Call this manna from heaven for the banking sector that is faced with the bad loans mess and weak balance sheets, especially in the public sector.

Coming to the rescue of banks, the Reserve Bank of India (RBI) on Thursday decided to defer implementation of Indian Accounting Standards, popularly known as Ind AS, by one year, in respect of scheduled commercial banks.

Ind AS is a set of accounting norms developed by Indian authorities, which converge with the International Financial Reporting Standards (IFRS).

The flip side

While this deferment could be a relief for banks and give them more time to move to global practices such as expected credit-loss model, it would certainly reduce the comparability of Indian banks’ performance vis-à-vis global peers, said accounting experts.

It may be recalled that as per the Centre’s roadmap for adoption of Ind AS in the financial sector, all scheduled commercial banks (excluding regional rural banks) were earlier required to prepare Ind AS-based financial statements for accounting periods beginning April 1, 2018. This was to be done with comparatives ending March 31, 2018, or thereafter.

The RBI on Thursday said that necessary legislative amendments – to make the format of financial statements, prescribed in the Third Schedule to the Banking Regulation Act, 1949, compatible with accounts under Ind AS – are still under consideration.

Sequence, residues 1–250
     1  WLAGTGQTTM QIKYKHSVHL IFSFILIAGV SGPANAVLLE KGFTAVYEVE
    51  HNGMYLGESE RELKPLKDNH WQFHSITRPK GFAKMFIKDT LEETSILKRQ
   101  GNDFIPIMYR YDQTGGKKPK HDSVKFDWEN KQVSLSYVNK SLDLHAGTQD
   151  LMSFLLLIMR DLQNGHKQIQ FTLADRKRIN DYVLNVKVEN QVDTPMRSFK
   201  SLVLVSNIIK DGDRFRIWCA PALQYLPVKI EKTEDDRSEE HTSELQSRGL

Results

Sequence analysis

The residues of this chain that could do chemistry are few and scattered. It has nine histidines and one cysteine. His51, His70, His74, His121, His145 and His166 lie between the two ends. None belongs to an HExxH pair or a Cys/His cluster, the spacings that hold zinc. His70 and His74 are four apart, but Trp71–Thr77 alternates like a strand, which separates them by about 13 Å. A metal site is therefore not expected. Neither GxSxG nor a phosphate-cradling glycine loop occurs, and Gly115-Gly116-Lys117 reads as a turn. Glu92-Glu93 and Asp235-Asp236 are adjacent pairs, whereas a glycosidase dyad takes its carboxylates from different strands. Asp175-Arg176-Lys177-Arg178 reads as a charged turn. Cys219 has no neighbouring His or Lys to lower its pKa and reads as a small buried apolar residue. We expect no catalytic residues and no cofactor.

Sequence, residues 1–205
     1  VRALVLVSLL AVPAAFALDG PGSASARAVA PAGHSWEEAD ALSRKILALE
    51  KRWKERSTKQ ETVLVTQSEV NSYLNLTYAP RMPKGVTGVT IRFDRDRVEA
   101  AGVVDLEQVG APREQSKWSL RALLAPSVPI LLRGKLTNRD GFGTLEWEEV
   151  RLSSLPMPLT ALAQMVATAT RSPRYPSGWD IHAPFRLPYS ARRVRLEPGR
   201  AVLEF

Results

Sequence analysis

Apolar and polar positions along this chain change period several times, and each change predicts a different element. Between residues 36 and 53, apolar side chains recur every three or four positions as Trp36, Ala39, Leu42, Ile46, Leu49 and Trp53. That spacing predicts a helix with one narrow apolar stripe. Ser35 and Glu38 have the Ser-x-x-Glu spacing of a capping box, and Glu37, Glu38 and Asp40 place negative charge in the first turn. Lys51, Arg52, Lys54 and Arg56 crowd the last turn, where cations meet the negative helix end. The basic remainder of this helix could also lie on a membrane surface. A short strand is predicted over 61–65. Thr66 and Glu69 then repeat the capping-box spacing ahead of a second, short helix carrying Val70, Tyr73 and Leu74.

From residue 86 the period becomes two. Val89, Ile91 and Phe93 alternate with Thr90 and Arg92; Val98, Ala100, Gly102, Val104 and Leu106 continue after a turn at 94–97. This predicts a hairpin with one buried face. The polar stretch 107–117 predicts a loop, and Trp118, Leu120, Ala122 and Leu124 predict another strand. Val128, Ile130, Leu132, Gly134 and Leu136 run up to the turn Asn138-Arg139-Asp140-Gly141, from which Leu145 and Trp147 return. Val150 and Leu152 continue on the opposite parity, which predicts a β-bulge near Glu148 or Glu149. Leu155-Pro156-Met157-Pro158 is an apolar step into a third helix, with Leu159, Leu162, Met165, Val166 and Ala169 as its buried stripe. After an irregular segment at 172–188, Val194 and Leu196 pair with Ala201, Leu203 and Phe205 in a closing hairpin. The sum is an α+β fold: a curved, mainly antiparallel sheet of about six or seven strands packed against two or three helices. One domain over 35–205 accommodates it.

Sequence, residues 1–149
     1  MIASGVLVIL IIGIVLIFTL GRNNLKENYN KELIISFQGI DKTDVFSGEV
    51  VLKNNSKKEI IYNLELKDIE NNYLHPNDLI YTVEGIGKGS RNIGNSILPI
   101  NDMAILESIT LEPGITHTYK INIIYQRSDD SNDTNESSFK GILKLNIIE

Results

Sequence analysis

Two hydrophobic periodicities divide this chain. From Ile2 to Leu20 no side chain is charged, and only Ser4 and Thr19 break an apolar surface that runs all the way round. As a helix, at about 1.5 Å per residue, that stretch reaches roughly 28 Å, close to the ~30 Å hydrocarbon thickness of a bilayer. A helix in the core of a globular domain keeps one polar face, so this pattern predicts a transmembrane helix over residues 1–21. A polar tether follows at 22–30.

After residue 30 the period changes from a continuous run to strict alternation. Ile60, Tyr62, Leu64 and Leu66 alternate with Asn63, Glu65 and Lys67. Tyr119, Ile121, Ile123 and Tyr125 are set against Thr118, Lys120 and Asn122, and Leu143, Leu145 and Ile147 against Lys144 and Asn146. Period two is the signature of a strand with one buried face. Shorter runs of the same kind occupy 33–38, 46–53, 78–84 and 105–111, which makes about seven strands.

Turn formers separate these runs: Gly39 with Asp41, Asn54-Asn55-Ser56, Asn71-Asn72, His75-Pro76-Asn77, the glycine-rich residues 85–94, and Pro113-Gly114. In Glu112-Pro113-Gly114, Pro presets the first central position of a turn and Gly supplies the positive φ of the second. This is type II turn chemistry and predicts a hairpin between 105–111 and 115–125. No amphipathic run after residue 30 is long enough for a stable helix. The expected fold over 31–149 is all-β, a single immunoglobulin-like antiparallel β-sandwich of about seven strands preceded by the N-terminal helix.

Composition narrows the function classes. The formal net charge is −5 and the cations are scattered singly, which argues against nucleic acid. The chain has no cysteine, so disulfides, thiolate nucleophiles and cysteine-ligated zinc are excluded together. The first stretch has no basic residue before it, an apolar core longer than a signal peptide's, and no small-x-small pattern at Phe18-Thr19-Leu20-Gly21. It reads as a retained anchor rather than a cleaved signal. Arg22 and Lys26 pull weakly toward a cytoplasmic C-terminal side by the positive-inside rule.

In view of this, as also the level of preparedness of many banks, it has been decided to defer implementation of Ind AS by one year when the necessary legislative changes are expected, the RBI said.

By that time, the necessary legislative changes are expected, the central bank said.

Experts’ take

Charanjit Attra, Partner, Financial Accounting Advisory Services (FAAS), EY India, said: “The extension of one year would help banks set up their IT infrastructure to meet the requirements of Ind AS, particularly for the computation of the expected credit loss. Banks should use this period to build robust processes for Ind AS adjustments ”

Attra said the implementation of Ind AS for banks was expected to make the results more comparable globally.

“However, the extension of one year would give more time to the banks for making proper processes for implementing the complex changes under Ind AS.”

Ashish Gupta, Director, Grant Thornton Advisory Private Limited, said that t he deferment of Ind AS provides banks with more time to move their financial reporting processes that would have been significantly impacted due to Ind AS 109.

Further, the banks would have more time to prepare for the potential impact on capital due to enhanced provisioning under Ind AS.

However, it should be noted that Indian banks will be at a different platform of financial reporting with their global peers, who have either moved or will move to IFRS 9 this year, he said.